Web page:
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194107 Desert Magazine 1941 July

194107 Desert Magazine 1941 July

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Published by: dm1937 on Feb 21, 2008
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THE
&
Ml*
.v X \
JULY, 1941.
-
.25 CENTS
 
Desert Magazine Goes
to
Sea
. . .
U.
S. S.
MonaghanPearl Harbor, HawaiiDear Editor:The
May
number just came today.
The in-
sert
on
Utah
is a
fine surprise.
One
good thingabout
"our"
magazine
is
that
we
don't knowwhat you'll find next
to
surprise
us
with. Seemsto
be a
habit
of
yours
to be
able
to
interest
so
many
in so
informal
a
manner.However there
is one
suggestion which
I be-
lieve could
be of
interest
to all. How
about
an
index
of all
your numbers
as to
places
and per-
sons
a
somewhat simplified dictionary
of
the Southwest?
If you
don't
put one out I'll
have
to
make
it
myself.
(Might
be a
good thingfor
me to do
anyway.)Anyway, enclosed
is a
siinoleon
for one of
your binders
for
keeping
DM
permanently.You
see I am not the
only person
on
this shipwho likes this magazine,
so
special care mustbe taken
if
they
are to be
kept intact.ROBERT
O.
MAXWELL
About Those Scorpions;.
..
Glendale, CaliforniaDear
Mr.
Henderson:A word
of
sincere appreciation
to Dr. Her-
bert Stahnke
for his
valuable contribuiton
to
the world's knowledge
of
scorpions.
I
hopehis efforts
are
recognized. (Might
say
that
hos-
pital privileges
and
consultation with
the med-
ical fraternity constitutes recognition.) Morepower
to him!
But
I am
wondering about
one
thing—youmay easily believe that
ICE is not a
part
of my
standard desert equipment.
And
what
am I sup-
posed
to do
when
the
Centruroides sculpturatus
gets
his gig in my
hind
leg ?
BOB
ORR
Take
'em
Away
. . .
Santa
Ana,
CaliforniaDear Sirs:I have about
125
seedling date palm treesfrom
1
foot
to 4
feet
in
height growing
in my
back yard which
I
wish
I
could give free
to
someone
or a
community living
on the
desertanywhere that water
is
available. These datepalm trees
are
grown
in
Arabia, Iraq
or
Persiaor some similar place.Authorities state that seedlings occasionallyturn
out to
produce very fine dates.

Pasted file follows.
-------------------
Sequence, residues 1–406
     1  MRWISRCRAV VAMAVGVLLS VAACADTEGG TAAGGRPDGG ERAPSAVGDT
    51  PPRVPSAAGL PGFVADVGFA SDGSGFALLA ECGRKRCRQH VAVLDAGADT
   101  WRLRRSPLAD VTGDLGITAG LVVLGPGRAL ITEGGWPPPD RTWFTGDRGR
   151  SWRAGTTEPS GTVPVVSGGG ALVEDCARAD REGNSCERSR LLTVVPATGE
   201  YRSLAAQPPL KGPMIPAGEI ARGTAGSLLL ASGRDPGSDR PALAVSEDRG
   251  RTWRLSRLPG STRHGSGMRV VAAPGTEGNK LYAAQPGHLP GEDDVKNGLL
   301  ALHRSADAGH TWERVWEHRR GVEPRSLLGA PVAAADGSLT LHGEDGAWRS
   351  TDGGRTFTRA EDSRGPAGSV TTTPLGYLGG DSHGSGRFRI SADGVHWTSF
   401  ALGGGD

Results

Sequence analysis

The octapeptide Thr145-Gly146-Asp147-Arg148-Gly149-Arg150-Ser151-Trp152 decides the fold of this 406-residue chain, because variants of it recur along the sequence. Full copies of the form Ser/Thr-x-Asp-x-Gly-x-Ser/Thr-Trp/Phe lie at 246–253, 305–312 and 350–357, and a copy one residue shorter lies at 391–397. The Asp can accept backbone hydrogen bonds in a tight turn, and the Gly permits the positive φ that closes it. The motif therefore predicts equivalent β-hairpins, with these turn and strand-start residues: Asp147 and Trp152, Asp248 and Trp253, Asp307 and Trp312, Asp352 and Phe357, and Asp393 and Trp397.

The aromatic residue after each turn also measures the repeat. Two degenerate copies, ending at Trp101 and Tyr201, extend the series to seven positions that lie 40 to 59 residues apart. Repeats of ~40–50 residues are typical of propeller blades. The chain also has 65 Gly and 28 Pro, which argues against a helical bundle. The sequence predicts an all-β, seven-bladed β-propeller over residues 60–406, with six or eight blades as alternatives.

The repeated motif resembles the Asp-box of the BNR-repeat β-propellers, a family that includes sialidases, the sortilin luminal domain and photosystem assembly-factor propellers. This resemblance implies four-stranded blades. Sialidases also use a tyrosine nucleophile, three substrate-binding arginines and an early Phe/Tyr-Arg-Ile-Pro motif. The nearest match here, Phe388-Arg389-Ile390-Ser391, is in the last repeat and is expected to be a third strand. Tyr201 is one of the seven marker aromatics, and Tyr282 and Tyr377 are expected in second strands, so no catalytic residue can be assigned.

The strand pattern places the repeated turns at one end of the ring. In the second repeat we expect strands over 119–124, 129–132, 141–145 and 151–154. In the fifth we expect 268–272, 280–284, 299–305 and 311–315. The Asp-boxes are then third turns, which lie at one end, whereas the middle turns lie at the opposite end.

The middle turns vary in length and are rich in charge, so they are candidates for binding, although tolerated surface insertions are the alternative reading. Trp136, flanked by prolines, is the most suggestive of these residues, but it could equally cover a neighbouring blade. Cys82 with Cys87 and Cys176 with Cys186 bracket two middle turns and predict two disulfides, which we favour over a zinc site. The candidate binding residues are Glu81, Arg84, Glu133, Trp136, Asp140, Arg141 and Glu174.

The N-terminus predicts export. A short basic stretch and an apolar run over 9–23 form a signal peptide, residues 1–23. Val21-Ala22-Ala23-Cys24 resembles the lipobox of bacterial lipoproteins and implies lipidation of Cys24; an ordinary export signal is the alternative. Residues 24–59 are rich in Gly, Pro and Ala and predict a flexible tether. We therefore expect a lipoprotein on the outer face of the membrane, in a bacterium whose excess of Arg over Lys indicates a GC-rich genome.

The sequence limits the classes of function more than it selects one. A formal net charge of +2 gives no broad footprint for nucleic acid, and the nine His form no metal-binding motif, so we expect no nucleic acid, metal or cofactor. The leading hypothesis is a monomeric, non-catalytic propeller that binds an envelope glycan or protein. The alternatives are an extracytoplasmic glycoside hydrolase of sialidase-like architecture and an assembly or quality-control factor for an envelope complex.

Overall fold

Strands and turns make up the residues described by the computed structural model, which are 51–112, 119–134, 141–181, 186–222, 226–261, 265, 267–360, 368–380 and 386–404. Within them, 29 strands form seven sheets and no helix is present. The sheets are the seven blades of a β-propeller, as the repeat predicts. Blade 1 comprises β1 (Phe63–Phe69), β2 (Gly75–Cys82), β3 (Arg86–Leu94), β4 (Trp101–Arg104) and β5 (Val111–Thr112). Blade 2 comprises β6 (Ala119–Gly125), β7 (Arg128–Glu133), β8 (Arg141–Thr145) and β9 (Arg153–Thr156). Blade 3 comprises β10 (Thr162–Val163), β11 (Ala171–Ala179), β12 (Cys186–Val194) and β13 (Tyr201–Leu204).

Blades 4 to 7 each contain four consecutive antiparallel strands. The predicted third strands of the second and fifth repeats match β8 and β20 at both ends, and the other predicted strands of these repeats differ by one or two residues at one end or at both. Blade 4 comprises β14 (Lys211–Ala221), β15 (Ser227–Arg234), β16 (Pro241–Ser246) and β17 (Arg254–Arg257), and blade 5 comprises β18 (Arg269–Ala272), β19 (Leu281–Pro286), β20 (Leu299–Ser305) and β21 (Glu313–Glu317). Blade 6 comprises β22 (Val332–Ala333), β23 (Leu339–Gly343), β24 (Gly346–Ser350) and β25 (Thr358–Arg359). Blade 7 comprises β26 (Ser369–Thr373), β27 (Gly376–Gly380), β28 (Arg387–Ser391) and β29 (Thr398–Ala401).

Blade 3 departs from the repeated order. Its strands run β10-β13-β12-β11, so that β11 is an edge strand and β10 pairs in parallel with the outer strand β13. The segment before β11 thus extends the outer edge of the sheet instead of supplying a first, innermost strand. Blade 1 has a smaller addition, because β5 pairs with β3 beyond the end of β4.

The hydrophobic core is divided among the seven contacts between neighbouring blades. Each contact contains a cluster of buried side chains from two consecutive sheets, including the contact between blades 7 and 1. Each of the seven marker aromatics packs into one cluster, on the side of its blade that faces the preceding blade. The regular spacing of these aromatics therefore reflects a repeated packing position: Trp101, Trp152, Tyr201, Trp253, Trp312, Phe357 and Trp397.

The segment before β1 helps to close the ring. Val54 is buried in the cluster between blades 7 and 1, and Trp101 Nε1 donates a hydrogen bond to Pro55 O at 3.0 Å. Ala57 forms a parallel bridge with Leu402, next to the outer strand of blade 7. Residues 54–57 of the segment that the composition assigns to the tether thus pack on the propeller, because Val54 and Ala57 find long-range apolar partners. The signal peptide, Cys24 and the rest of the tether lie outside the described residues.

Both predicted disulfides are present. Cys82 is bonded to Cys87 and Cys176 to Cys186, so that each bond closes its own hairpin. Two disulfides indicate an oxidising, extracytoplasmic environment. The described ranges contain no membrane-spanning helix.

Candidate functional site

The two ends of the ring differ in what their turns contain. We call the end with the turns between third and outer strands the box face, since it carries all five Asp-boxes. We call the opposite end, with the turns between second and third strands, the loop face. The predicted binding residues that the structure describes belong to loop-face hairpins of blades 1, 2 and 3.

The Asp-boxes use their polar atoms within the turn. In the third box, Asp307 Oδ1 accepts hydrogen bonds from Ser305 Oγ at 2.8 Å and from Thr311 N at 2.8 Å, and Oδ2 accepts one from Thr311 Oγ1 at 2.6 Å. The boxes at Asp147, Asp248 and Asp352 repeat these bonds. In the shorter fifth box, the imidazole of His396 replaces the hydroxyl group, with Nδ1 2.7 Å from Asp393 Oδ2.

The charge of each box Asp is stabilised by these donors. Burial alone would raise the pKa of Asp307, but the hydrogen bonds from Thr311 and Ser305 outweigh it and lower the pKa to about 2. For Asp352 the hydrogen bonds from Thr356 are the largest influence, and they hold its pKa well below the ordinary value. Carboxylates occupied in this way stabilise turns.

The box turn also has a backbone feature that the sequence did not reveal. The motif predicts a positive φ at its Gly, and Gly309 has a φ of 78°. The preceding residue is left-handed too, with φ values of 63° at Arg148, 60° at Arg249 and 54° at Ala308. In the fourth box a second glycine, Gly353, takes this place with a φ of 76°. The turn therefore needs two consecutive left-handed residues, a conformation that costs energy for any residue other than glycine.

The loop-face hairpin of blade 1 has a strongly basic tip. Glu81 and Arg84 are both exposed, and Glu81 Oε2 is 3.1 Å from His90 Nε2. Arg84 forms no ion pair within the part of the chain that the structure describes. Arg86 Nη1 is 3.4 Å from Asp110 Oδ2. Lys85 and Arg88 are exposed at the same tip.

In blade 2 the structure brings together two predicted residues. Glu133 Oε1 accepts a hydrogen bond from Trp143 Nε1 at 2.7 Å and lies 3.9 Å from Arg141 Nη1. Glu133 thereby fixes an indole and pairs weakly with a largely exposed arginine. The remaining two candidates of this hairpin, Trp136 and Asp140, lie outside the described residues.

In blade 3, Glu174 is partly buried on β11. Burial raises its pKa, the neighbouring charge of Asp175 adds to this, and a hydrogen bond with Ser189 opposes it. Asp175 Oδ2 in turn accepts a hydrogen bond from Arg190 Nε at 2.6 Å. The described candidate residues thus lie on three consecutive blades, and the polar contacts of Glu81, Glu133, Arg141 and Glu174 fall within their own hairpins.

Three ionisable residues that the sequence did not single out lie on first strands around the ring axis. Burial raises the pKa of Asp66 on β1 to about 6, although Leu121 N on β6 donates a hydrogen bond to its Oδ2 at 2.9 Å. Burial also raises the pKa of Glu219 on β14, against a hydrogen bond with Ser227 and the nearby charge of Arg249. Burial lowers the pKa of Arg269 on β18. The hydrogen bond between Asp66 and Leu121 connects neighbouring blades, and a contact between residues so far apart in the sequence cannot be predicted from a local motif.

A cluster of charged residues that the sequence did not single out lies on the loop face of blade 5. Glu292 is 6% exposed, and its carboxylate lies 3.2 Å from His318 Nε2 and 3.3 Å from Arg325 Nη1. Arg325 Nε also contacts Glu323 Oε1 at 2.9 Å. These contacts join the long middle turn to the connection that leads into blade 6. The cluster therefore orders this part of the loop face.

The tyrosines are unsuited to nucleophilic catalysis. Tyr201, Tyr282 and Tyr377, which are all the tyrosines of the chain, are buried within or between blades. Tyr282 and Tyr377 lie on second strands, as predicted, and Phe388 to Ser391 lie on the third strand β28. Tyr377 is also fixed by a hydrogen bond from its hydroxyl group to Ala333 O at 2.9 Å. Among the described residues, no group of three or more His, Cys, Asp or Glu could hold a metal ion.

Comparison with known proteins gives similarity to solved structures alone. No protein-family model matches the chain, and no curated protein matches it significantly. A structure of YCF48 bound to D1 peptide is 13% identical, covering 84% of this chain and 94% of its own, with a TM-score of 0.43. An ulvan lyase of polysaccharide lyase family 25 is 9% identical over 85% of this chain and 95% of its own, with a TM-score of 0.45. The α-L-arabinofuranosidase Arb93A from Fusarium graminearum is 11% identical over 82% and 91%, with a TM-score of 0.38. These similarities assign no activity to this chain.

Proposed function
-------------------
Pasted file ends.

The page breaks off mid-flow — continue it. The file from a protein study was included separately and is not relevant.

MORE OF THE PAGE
If you
careto make this known
for the
benefit
of the pub-
lic
in
your publication
I
would greatly appreci-ate
it.
I would
be
pleased
to
hear from
you.
BAYARD
T.
BAKER
0
Who
Knows
the
Answer?
. . .
Tucson, ArizonaDear Editor:I can't decide whether your magazine
is an
asset
or a
liability
in our
home.
It was all
rightuntil
my
husband
and
youngest
son
started
go-
ing
off
weekends
and
lugging home boxes
and
sacks
of
rocks.And that wouldn't
be so bad if
they wouldkeep
the
stones
out in the
yard where theybelong.
But
they have them
all
over
the
placeon
the
reading table,
the
window ledges,everywhere they
can
find
a
flat place. Rocknutsis
the
right word
for
them—and that
is
whatyour magazine
did to
them.I wish
you
would
run an
article about
how
to cure rocknutitis—or
do
they regain theirsanity after
a few
months?VERA MALLORY KEMKNAPP
More Scenery Wanted
. .
Beverly Hills, CaliforniaEditor, Desert Magazine:The scenic folder
in
color, Utah—land
of
endless scenic discovery—was truly
an
attrac-tive addition
to the May
number
of
DesertMagazine. Surely
you
dare
not
stop
now
untilall
the far
western states
are
given
a
like
pre-
sentation
Washington, Oregon, California,Arizona, Nevada, Idaho, Montana, Wyoming,Colorado
and New
Mexico.
You
hive startedsomething.
Do not let it
stop.M.
F.
DOLAN
Invitation
to
Collectors
. . .
Wecoma, OregonDesert Magazine:We
are
members
of the
North Lincoln Agatesociety,
and we
have some beautiful agates thatare found
on our
beaches. Also, lots
of
mossand scenic nodules found
in
central
and
east-ern Oregon.We
are
holding
an
agate show July 18-19-20in
the
Dorchester hotel
and
stones
may be
bought, sold
and
exchanged. Thought maybesome
of
your many readers
and
collectorsmight
be
planning
a
trip
to the
coast
and
herewould
be a
very good chance
for
them
to
bringsome
of
their rocks along
and
kill
two
birdswith
one
stone. Anyone
who
wishes
may dis-
play,
so
here's hoping
we
will
see
some
of the
collectors from
the
Southwest.
We'd
like
to get
acquainted with
you.
W.
J.
BODOIN
7AKB
STANDARD
OIL
COMPANY
OF
CALIFORNIA
UA/SORPASSBV
THE DESERT MAGAZINE
 
DESERT
JULY
1-4
Annual fiesta
and
rodeo
by
Mescalero Apache Indians
on
reservation, Mescalero, NewMexico.2-4 Rodeo